In the first six months since President Biden took office, a flurry of antitrust activity has dominated Congress and the administration, targeting Big Tech in particular.
And there are few signs of it slowing anytime soon.
Here’s what we’re seeing:
- The White House appears concerned with corporate consolidation across a wide swath of industries. On July 9, President Biden issued an executive order encompassing 72 initiatives by more than a dozen government agencies to increase competition in sectors across the economy, including labor markets, health care, transportation, consumer finance, agriculture, and technology. The order calls for greater scrutiny of mergers and acquisitions from the federal antitrust enforcement agencies.
- We anticipate enforcement agencies becoming more aggressive in their regulation of digital markets. Upon assuming her chairmanship of the FTC, Lina Khan has ushered in new policies aimed at streamlining investigations. And Jonathan Kanter, Biden’s nomination to run the DOJ Antitrust Division, has been a strong advocate for more aggressive antitrust enforcement and robust competition throughout his career.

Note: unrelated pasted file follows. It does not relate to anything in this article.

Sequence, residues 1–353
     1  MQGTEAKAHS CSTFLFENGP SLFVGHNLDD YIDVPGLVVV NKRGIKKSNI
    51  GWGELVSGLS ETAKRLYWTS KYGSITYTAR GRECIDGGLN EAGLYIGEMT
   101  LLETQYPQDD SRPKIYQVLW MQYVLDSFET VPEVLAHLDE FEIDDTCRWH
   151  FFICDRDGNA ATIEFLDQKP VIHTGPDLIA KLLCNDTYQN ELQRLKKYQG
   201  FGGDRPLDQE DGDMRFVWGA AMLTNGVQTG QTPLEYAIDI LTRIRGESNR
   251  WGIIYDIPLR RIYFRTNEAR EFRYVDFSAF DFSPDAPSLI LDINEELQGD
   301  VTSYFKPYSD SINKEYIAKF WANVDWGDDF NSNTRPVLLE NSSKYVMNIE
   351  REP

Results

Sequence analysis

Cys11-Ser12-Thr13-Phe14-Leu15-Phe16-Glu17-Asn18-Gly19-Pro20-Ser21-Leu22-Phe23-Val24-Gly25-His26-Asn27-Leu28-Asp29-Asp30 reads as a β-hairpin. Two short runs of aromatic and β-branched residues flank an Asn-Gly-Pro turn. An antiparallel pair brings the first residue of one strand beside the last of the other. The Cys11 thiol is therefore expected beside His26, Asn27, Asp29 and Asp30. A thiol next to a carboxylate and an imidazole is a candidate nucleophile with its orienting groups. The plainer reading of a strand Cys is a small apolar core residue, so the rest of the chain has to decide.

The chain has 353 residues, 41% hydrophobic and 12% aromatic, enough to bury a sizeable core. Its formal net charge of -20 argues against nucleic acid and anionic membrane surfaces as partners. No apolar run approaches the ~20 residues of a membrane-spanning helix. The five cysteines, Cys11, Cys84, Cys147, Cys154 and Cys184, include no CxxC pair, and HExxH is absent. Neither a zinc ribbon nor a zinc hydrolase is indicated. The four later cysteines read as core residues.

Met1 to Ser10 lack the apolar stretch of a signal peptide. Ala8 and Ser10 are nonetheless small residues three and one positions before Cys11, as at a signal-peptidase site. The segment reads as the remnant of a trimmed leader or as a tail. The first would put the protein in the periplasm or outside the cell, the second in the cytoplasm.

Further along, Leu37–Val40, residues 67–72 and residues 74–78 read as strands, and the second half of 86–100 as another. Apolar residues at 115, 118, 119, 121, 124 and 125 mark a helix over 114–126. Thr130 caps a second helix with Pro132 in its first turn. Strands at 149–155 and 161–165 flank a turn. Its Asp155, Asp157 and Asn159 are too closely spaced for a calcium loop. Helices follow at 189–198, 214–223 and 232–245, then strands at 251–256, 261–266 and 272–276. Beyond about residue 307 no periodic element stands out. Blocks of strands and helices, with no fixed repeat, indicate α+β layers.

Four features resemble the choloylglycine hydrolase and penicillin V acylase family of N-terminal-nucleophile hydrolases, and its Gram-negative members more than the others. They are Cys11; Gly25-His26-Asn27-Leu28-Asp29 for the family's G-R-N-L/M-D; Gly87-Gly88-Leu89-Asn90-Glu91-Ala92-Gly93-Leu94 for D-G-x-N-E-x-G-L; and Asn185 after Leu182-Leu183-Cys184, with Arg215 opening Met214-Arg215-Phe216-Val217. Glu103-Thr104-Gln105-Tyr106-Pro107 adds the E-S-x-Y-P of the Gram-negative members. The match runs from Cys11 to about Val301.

- New antitrust measures in Congress have bipartisan support. Members of both parties have worked together to introduce six bills (five of them focused on Big Tech) aimed at strengthening antitrust enforcement, though they have some hurdles to clear.
Besides this continued legislative drumbeat, we expect the Senate to consider Jonathan Kanter’s nomination sometime this fall. Both the FTC and DOJ Antitrust Division are likely to issue new guidelines and regulations as they work to implement President Biden’s new executive order.